Thursday, October 8, 2009

Einstein the Stoic - Unpublished Selections Explained, Med. VIII.18

Meditation VIII.18 - Einstein the Stoic - Translated by George Long and rewritten by Russell McNeil

That which has died falls not out of the universe.1 If it stays here, it also changes here, and is dissolved into its proper parts, which are elements of the universe and of yourself.2 And these too change, and they murmur not.3,4


(1) Stoicism is a science based philosophy grounded firmly on physics. The first sentence in this meditation is as clear a statement of the law of energy conservation as we can expect from the ancient world, and - while poetic in structure - it certainly conforms with modern understanding. No change in anything - including the death of a living thing - results in annihilation. In other words nothing ever falls "out of the universe." The modern law of mass-energy conservation expressed by Albert Einstein (1879-1955) as E=mc2 would come as no surprise to the Stoics. For example, the mass that seems to disappear in a nuclear reaction does not fall out of the universe, it is rather converted into energy which we now understand as carried by other particles which although massless are nonetheless real. Stoic physics divided matter into active and passive components. A Stoic physicist in the ancient world would nod sagely at this fact of nature while noting that this transformation could be explained in pre-modern terms as a change from the passive to active forms.

(2) That matter dissolves "into its proper parts" is a Stoic assertion of the atomic or particulate nature of matter. The ancients saw the proper parts in simpler terms than we do now, but the physical claim is no less true. Matter is a composite chemical and molecular arrangement. Under the laws of nature matter transforms into its basic elements in response to the actions of the basic forces of nature. These elements express in an infinite variety of forms, but the basic elements of all matter are the same throughout the universe. Every atom in the human body was forged in a nuclear reaction that occurred in a long since dead ancient star. Human beings are very accurately "elements of the universe."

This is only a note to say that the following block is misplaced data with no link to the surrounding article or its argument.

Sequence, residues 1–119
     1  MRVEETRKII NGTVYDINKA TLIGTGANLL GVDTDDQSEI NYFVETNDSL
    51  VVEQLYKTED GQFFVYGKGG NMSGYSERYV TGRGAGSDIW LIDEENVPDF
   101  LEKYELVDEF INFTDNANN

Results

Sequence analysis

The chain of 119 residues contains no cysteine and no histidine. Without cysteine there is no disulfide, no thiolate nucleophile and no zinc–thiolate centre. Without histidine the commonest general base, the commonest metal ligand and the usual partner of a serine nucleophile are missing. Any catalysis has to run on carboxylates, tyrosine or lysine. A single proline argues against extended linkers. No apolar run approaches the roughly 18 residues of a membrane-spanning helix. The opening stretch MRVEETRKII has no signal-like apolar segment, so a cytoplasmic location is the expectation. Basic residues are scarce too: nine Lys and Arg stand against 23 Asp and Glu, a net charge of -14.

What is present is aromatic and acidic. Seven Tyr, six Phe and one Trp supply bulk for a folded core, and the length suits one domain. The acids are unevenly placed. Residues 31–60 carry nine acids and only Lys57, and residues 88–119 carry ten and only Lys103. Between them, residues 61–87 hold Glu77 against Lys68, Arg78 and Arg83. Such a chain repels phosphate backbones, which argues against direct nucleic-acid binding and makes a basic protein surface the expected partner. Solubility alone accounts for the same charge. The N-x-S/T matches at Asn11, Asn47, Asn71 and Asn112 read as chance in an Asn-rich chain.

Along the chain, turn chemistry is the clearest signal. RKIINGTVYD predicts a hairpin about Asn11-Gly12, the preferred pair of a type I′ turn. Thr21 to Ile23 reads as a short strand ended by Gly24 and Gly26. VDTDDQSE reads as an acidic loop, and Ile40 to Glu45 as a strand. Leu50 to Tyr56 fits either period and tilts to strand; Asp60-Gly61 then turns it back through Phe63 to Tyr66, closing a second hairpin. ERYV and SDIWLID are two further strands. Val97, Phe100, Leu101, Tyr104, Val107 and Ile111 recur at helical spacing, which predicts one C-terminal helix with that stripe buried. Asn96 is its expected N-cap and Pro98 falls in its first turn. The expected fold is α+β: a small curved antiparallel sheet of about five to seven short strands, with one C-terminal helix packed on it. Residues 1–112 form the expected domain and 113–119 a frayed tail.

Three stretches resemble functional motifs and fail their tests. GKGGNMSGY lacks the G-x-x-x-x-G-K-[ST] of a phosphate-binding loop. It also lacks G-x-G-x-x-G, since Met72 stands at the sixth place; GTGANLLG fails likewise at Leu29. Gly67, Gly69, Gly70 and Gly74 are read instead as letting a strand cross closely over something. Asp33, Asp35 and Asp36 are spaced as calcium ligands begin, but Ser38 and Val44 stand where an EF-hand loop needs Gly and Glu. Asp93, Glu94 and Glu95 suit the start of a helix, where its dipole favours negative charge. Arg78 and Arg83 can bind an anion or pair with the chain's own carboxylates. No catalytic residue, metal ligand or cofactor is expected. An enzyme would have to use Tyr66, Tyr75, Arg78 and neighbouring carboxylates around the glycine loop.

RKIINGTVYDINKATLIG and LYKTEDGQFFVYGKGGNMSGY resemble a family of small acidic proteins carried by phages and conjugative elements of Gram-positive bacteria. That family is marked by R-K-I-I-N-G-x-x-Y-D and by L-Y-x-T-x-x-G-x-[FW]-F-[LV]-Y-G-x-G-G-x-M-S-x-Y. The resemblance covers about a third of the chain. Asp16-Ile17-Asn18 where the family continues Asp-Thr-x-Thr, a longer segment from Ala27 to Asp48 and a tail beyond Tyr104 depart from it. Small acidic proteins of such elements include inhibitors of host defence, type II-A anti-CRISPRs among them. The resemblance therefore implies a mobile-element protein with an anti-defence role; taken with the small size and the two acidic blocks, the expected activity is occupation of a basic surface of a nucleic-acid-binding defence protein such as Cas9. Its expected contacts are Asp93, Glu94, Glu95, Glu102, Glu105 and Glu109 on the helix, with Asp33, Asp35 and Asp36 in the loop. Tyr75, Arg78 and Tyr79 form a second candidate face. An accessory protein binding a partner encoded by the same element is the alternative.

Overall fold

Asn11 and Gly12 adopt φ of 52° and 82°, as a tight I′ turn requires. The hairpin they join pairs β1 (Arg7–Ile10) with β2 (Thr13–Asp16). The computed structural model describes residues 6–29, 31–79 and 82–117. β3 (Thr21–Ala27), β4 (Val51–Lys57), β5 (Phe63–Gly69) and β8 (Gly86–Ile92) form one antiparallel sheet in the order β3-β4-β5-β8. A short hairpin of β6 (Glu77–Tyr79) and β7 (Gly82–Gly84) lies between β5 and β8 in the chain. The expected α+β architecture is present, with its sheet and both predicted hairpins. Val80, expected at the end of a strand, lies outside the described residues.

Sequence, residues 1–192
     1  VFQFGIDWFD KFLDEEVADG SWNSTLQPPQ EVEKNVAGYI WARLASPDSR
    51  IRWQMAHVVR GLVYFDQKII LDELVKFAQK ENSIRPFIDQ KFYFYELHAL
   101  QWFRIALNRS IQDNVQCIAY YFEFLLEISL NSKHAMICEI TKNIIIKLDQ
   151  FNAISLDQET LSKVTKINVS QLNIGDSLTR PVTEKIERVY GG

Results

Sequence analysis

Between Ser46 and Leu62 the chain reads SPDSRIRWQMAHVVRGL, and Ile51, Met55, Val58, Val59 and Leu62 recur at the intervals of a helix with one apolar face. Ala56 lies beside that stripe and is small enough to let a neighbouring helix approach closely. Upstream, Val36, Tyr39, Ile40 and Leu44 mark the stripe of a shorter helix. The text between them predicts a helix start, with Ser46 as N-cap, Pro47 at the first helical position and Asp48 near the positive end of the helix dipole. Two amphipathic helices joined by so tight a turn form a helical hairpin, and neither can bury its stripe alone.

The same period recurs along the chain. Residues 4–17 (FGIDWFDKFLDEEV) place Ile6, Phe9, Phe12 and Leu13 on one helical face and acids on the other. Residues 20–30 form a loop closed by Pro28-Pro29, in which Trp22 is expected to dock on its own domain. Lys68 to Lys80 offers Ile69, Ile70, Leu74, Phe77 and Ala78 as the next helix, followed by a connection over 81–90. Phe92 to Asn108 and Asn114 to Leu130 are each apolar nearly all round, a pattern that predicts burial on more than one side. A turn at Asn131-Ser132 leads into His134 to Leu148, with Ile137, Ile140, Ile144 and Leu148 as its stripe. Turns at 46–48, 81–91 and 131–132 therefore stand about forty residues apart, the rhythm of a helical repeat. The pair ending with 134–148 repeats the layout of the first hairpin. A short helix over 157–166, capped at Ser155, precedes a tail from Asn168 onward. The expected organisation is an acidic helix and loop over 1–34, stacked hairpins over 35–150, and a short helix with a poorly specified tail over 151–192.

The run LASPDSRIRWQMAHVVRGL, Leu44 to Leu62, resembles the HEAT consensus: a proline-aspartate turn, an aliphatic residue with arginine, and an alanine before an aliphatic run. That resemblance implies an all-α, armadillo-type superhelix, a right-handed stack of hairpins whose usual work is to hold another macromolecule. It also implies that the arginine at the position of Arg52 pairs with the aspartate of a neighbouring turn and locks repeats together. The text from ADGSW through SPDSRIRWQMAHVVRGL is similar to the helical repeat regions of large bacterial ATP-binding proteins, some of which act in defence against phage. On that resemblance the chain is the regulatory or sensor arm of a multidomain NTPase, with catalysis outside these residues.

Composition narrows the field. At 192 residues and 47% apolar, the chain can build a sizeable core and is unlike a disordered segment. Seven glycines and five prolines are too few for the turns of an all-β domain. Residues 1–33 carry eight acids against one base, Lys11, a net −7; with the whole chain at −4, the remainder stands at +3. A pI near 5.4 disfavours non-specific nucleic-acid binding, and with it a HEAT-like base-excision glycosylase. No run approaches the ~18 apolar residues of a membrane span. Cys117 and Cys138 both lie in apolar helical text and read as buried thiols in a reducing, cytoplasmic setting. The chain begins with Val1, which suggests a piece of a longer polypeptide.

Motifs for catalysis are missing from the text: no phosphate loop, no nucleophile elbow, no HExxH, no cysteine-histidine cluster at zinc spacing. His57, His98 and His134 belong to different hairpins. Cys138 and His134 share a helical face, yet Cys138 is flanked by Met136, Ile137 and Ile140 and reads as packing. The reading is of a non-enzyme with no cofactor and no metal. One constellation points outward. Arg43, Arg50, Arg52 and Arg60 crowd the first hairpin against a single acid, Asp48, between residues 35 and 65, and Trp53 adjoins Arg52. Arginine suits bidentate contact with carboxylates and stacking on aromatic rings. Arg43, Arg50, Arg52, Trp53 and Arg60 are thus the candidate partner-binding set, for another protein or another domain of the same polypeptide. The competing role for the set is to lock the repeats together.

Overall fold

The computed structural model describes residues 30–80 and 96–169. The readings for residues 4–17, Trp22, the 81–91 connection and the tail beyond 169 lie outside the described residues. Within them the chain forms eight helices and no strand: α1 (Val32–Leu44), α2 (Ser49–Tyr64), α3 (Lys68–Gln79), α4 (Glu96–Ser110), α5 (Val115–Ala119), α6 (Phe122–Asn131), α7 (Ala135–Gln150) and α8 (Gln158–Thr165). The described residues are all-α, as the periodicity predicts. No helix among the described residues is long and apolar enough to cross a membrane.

(3) The changes that occur everywhere throughout the universe are natural and divinely mediated. This includes decay and death. The changes are divine because they are a consequence of natural law - the forces of nature - which embrace the Stoic concept of natural divinity. These forces are divine in the sense that they these laws qua laws are immutable and perfect. We ought not murmur about change or death (that is express discontent about these inevitabilities) because to do so would be to oppose nature and the Stoic ought always live according to nature.

(4) This meditation can be reformulated in many ways, but a particularly beautiful expression of the interconnectedness of the human spirit with the natural world is voiced by Albert Einstein: "A human being is a part of the whole called by us universe, a part limited in time and space. He experiences himself, his thoughts and feeling as something separated from the rest, a kind of optical delusion of his consciousness. This delusion is a kind of prison for us, restricting us to our personal desires and to affection for a few persons nearest to us. Our task must be to free ourselves from this prison by widening our circle of compassion to embrace all living creatures and the whole of nature in its beauty."

Russell McNeil, PhD, is the author of The Meditations of Marcus Aurelius: Selections Annotated and Explained by Skylight Paths Publishing. The unpublished selections presented in this Blog are provided as supplemental material to the published selections which are annotated and explained in the book. The published selections are referenced in this Blog by page number and section.

1 comment:

Anonymous said...

Speaking of Einstein, I found this quote by him which would seem to reinforce the stoic theory of determinism:

"Everything is determined, the beginning as well as the end, by forces over which we have no control. It is determined for the insect as well as for the star. Human beings, vegetables, or cosmic dust, we all dance to a mysterious tune, intoned in the distance by an invisible player."